Hell Wood moated site and enclosure

Overview

Heritage Category:
Scheduled Monument
List Entry Number:
1010746
Date first listed:
13-Jan-1992

Map

Ordnance survey map of Hell Wood moated site and enclosure
© Crown Copyright and database right 2019. All rights reserved. Ordnance Survey Licence number 100024900.
© British Crown and SeaZone Solutions Limited 2019. All rights reserved. Licence number 102006.006.
Use of this data is subject to Terms and Conditions.

The above map is for quick reference purposes only and may not be to scale. For a copy of the full scale map, please see the attached PDF - 1010746 .pdf

The PDF will be generated from our live systems and may take a few minutes to download depending on how busy our servers are. We apologise for this delay.

This copy shows the entry on 17-Sep-2019 at 02:00:30.

Location

The building or site itself may lie within the boundary of more than one authority.

County:
Hertfordshire
District:
Broxbourne (District Authority)
National Grid Reference:
TL 35601 04785

Reasons for Designation

Around 6,000 moated sites are known in England. They consist of wide ditches, often or seasonally water-filled, partly or completely enclosing one or more islands of dry ground on which stood domestic or religious buildings. In some cases the islands were used for horticulture. The majority of moated sites served as prestigious aristocratic and seigneurial residences with the provision of a moat intended as a status symbol rather than a practical military defence. The peak period during which moated sites were built was between about 1250 and 1350 and by far the greatest concentration lies in central and eastern parts of England. However, moated sites were built throughout the medieval period, are widely scattered throughout England and exhibit a high level of diversity in their forms and sizes. They form a significant class of medieval monument and are important for the understanding of the distribution of wealth and status in the countryside. Many examples provide conditions favourable to the survival of organic remains.

The site at Hell Wood is an unusual example of a relatively small moat with a very large attached enclosure. The massive size of the enclosure bank probably indicates a defensive function for the site boundary. The well- preserved nature of the enclosure and moat together with the waterlogged and silted condition of the ditches offers considerable potential for the survival of archaeological and environmental remains.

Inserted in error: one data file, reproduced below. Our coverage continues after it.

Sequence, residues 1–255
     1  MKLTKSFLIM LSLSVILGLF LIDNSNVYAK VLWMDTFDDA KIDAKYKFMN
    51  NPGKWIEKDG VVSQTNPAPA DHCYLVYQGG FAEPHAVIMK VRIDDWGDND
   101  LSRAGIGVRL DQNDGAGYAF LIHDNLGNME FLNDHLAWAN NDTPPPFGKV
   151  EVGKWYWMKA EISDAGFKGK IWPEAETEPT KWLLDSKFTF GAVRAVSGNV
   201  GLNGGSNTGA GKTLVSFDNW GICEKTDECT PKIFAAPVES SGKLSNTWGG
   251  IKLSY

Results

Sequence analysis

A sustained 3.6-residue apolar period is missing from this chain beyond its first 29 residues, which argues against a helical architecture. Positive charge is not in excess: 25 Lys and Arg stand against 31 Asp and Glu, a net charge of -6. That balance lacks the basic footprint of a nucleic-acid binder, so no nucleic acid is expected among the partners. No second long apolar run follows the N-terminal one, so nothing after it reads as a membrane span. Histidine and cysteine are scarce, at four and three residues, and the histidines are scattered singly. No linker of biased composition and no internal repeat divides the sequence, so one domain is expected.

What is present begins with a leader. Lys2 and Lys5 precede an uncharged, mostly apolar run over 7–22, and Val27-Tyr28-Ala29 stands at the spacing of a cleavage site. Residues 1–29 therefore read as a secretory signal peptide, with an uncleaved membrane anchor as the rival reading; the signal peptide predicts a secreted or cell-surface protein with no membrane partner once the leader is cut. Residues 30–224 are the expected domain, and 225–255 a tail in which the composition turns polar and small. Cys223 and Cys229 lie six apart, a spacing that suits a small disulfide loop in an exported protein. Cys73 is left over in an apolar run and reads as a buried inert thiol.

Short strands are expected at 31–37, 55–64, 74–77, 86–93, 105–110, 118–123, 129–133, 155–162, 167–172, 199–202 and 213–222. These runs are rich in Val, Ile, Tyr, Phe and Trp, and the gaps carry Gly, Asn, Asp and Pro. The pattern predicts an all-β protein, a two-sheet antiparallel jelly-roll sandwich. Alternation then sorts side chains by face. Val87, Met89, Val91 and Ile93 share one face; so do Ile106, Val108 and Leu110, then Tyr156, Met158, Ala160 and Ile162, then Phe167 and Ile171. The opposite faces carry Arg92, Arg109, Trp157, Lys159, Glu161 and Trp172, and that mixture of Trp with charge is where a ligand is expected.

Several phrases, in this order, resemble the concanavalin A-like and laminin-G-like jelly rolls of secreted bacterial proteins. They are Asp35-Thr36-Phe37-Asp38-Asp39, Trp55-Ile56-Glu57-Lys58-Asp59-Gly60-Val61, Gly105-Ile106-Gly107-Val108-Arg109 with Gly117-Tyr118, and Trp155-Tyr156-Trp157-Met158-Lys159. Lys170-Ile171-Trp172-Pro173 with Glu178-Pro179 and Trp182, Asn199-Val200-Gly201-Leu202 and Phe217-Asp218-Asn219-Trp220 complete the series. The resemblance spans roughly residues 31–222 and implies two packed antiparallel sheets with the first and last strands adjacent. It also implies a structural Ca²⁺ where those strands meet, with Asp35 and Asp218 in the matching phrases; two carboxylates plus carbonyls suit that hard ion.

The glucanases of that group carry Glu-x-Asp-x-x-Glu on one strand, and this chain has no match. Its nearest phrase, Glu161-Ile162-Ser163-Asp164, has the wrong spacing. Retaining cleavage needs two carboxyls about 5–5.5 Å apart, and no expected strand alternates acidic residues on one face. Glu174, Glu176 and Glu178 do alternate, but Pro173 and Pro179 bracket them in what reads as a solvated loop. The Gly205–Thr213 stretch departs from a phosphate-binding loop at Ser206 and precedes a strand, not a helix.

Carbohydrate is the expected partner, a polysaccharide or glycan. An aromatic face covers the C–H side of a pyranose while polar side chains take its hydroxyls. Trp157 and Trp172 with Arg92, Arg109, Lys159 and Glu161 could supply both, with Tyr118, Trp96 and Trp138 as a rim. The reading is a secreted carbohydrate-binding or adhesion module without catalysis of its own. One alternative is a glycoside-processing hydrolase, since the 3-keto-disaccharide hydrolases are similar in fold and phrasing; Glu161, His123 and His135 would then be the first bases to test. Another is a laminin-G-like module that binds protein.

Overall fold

Details

The moated site at Hell Wood is situated north of Cheshunt about 500m east of the A10. The monument comprises a rectangular moat with additional earthworks to the north and north-east forming an adjacent enclosure. The moat itself measures c.70m north-south by c.75m east-west. All four arms are waterlogged and are c.17m wide and up to 4m deep. There is a causeway at the north-east corner which is c.5m wide. The western boundary of the outer enclosure is formed by a large bank approximately 3m high, 10m wide and 160m long. It is on the same alignment as the western arm of the moat and is cut by the brook. To the north, the boundary is formed by a ditch about 10m wide and 0.5m deep with a maximum length of 360m. The enclosure is bounded on the south side by the brook.

MAP EXTRACT The site of the monument is shown on the attached map extract.

Legacy

The contents of this record have been generated from a legacy data system.

Legacy System number:
20610
Legacy System:
RSM

Sources

Other
SMR No: 070250, Information from SMR,

Legal

This monument is scheduled under the Ancient Monuments and Archaeological Areas Act 1979 as amended as it appears to the Secretary of State to be of national importance. This entry is a copy, the original is held by the Department for Digital, Culture, Media and Sport.

End of official listing

Your Contributions

Do you know more about this entry?

The following information has been contributed by users volunteering for our Enriching The List project. For small corrections to the List Entry please see our Minor Amendments procedure.

The information and images below are the opinion of the contributor, are not part of the official entry and do not represent the official position of Historic England. We have not checked that the contributions below are factually accurate. Please see our terms and conditions. If you wish to report an issue with a contribution or have a question please email [email protected].